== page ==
IT’S AMAZING that Ayana Elizabeth Johnson found the time to talk to me. To cite just some of the things the 40-year-old Brooklynite has been up to in the past year: running a conservation consulting firm, Ocean Collective; founding a coastal-cities think tank, Urban Ocean Lab; advising Elizabeth Warren’s presidential campaign on the Blue New Deal, an ocean-focused strategy for reducing carbon emissions and boosting the economy; taking over Julia Louis-Dreyfus’s Instagram account to guide a dialogue on environmental justice; editing an anthology of essays by women climate leaders, and launching a podcast with industry heavyweight Alex Blumberg ambitiously titled How to Save a Planet.
So, yes, she’s been busy. And with good reason. With her expertise, personal story, and collaborative grassroots approach to problem-solving, Johnson has emerged as a uniquely powerful voice in the environmental movement. She is one of a small number of scientists who operates at the nexus of climate change and racial justice, and the only one who has been able to connect the dots between those issues in a way that might actually get us somewhere.
Plus, she’s a natural entertainer. “Ayana is genuinely funny,” says Blumberg, the cofounder of podcasting juggernaut Gimlet Media, which sold to Spotify last year for a reported $230 million. As cohosts of How to Save a Planet, they examine achievable solutions to climate change. A common question they ask guests: How screwed are we? (Spoiler: It depends. We have a choice of possible futures.) “She’s an actual subject-matter expert who’s charismatic and can crack a joke and think on her feet. That’s rare.”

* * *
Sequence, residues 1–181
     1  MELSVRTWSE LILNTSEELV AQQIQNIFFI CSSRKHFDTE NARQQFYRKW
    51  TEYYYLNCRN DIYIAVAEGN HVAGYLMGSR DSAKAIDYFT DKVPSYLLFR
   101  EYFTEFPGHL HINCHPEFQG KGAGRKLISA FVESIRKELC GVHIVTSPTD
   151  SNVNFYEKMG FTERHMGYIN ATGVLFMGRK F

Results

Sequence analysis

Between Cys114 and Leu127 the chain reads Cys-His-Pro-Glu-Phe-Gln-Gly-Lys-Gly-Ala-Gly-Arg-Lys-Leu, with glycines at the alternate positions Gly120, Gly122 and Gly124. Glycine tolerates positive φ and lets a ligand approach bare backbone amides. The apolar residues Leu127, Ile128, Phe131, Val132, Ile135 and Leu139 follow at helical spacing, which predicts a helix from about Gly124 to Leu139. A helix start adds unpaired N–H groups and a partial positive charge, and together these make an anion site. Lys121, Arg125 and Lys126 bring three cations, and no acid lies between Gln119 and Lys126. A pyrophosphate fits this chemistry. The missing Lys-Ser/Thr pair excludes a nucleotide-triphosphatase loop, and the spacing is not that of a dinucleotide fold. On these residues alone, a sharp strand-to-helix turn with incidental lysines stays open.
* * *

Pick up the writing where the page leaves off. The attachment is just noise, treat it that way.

When I spoke to Johnson during a gap in her schedule, she described a life and career journey that began when she was on a family vacation in Florida at age five, sitting on the back of a glass-bottom boat with other kids throwing cheese popcorn to the fish. She is allergic to dairy and was covered in hives by the time her mom pulled her into the boat’s cabin to rinse off. There she found herself alone staring down through the glass at the life below. “I had a private view of this underwater magical world,” she says. That was all it took: she fell in love with coral reefs.
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